Friday, April 27, 2007

Southern Comfort

Out the window there’s nothing but the green drooping shadow of the hills that surround the college – no neon signs, screeching horns, or artillery-style fireworks. Most mornings, there’s just the sound of birds twittering in among the green. This morning the kindergarten behind the building is blasting happy music. Even at its insane volume, there’s something comforting about it: the fact that its main purpose is to entertain four-year olds seems to give it a pass on the annoyance chart.

It’s good to be back at my Chinese laojia, my hometown: Shantou University, just outside the city of Shantou, which lies near the top of the southernmost Chinese province, Guangdong.

As a city and a place, it’s an unusual one. It’s one of China’s five special economic zones, the cities opened up in the 1970s to foreign-style trade and investment. But it’s never been anything but dead last among the five cities: local corruption abounds. Another obstacle to development is language: the people here speak what essentially is the Basque language of China. Even Chinese people who are not familiar with the region don’t recognize Chaoshanhua as a Chinese dialect, thinking that its speakers must be from some other Asian country. There’s a kind of sleepy slowness to the city, the area, and the university itself. The kind that make you think that rapid development might just never catch on here.

There have been encouraging signs, however. A few days ago, a massive event for development was held at the Shantou port. The Same Song tour, featuring mainly Hong Kong and Taiwanese stars of the highest level, got packed in with the event, and Shantou was suddenly beamed into millions of Chinese homes. The concert was followed a day later by a fireworks show that reportedly cost in the millions of US dollars.

And the university is making the kind of progress that makes you believe in big quick evolutionary jumps. For much of the time I was here – three years in all – little seemed to happen. Now, in the space of six months, we have facilities heretofore unimaginable: a Mac lab, 40 new computers, an entire expanded wing.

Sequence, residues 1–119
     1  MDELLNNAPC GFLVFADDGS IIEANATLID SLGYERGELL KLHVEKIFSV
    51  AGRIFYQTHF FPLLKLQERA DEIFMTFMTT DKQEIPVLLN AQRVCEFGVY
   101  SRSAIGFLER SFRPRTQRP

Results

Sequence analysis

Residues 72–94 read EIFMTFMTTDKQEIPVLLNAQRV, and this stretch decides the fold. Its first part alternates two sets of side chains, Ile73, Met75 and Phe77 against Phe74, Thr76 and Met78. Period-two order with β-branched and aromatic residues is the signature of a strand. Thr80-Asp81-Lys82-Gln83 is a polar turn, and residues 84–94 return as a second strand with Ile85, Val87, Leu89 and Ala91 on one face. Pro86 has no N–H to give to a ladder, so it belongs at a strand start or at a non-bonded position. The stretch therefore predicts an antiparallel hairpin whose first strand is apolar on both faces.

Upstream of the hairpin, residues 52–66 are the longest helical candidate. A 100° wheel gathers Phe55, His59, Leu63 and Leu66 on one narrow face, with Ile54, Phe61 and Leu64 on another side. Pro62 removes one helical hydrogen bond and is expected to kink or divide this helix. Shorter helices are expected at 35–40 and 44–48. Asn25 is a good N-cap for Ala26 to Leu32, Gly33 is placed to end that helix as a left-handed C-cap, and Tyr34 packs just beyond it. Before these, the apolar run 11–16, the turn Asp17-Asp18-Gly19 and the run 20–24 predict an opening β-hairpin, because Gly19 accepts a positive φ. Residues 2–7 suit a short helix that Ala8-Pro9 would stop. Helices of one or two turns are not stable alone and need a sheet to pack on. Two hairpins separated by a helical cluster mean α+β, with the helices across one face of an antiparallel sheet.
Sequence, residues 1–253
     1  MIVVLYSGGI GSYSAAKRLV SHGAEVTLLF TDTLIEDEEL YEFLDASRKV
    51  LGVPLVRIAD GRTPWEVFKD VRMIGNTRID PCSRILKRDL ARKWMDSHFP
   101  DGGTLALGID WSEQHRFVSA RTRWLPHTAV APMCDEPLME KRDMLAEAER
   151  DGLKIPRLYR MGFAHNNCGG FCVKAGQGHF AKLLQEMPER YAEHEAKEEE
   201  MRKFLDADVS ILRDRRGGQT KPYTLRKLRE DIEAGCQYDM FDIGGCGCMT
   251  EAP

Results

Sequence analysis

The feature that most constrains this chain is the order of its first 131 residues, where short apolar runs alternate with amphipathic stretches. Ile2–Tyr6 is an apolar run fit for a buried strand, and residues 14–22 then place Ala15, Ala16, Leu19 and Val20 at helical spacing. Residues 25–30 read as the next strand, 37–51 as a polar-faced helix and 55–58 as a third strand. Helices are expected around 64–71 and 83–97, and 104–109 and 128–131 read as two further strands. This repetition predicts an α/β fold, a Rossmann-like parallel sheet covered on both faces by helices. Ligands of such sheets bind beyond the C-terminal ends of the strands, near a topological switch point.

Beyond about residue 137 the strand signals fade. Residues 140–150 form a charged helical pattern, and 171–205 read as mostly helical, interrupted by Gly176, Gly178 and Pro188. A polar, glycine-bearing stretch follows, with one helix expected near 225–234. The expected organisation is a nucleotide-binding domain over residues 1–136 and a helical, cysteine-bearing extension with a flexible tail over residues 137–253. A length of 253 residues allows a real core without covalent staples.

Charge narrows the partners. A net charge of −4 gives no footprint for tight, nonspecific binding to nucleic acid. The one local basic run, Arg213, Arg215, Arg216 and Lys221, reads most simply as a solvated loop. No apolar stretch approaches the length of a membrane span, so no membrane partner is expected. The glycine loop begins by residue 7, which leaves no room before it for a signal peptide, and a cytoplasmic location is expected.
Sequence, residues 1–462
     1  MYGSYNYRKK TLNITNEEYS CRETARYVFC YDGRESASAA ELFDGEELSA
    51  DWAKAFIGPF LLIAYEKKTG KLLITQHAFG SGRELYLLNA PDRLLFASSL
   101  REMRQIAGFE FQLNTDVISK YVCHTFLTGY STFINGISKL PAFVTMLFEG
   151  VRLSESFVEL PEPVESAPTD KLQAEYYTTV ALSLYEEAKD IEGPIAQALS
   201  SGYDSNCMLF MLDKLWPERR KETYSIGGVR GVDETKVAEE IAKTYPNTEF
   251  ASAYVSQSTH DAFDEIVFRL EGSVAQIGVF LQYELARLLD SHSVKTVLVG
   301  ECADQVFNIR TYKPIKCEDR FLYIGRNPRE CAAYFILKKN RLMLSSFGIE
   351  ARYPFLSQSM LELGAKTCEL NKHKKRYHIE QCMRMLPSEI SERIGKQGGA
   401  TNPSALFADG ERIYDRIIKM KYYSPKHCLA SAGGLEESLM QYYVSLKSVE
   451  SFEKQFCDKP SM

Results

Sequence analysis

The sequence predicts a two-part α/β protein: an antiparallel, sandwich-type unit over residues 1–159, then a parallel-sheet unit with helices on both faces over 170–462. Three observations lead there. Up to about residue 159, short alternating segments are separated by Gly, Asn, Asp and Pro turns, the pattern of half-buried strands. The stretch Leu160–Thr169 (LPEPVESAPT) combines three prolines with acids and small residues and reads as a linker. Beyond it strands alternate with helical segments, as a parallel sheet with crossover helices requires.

But the best kind of progress comes in the form of human development. Even though I’ve only been gone for five or six months, running into the students I taught sort of makes me feel like Gene Simmons at a Kiss reunion concert; I am that adored rock star. I can understand the best moments of what it might be like to be a parent at these times. One guy, a senior I’d had since he was freshmen, simply came up to me and wrapped his arms around me in the most natural of bear hugs; the only thing odd about it was that it’s not something people really do here. “We’re lucky to have had you for so long,” he said.

In this humid southern climate that reminds me so much of my other home, Florida, on the far side of the world, there creeps in the inevitable sense of change,of it being time to go. I may end up back here for one more school year, but that will surely be my last. And then I’ll drive out the school gates for the last time, four or five years from the day I drove in, and my green-draped southern Chinese university will fold itself up in my mind into the hazy dream-like quality of memory.

Photo by Liang Qing

1 comment:

Jie said...

hi. i am a Shantou native currently studying in HKBU. it so happens my major is international journalism..
was looking for blogs on Shantou and reached your page. that's one beautiful picture. i used to play around the campus when i was kid,
i really miss home. Shantou lacks the vibration but i like it that way; i love how different it is from other modern China cities, for better or worse. although it may be a somewhat selfish thought.
i'll keep coming by. btw can i e-mail you on journalistic topics for school assignments? don't know your research area but some professional help from my homeland would be nice.